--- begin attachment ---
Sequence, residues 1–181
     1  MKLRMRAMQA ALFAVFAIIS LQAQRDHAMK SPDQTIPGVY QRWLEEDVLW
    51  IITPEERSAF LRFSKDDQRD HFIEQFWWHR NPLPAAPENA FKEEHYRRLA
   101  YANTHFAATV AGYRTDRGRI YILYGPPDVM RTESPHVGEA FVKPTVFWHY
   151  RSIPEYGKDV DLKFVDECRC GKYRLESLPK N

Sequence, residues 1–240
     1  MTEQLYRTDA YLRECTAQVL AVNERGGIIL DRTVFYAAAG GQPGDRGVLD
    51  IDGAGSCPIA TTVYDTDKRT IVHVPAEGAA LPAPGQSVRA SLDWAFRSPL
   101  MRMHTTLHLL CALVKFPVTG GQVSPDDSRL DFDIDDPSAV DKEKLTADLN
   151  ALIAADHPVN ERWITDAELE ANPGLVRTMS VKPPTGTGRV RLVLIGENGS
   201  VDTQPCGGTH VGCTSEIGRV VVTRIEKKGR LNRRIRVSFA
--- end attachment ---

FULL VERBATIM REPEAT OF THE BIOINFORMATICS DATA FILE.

Sequence, residues 1–181
     1  MKLRMRAMQA ALFAVFAIIS LQAQRDHAMK SPDQTIPGVY QRWLEEDVLW
    51  IITPEERSAF LRFSKDDQRD HFIEQFWWHR NPLPAAPENA FKEEHYRRLA
   101  YANTHFAATV AGYRTDRGRI YILYGPPDVM RTESPHVGEA FVKPTVFWHY
   151  RSIPEYGKDV DLKFVDECRC GKYRLESLPK N

Sequence, residues 1–240
     1  MTEQLYRTDA YLRECTAQVL AVNERGGIIL DRTVFYAAAG GQPGDRGVLD
    51  IDGAGSCPIA TTVYDTDKRT IVHVPAEGAA LPAPGQSVRA SLDWAFRSPL
   101  MRMHTTLHLL CALVKFPVTG GQVSPDDSRL DFDIDDPSAV DKEKLTADLN
   151  ALIAADHPVN ERWITDAELE ANPGLVRTMS VKPPTGTGRV RLVLIGENGS
   201  VDTQPCGGTH VGCTSEIGRV VVTRIEKKGR LNRRIRVSFA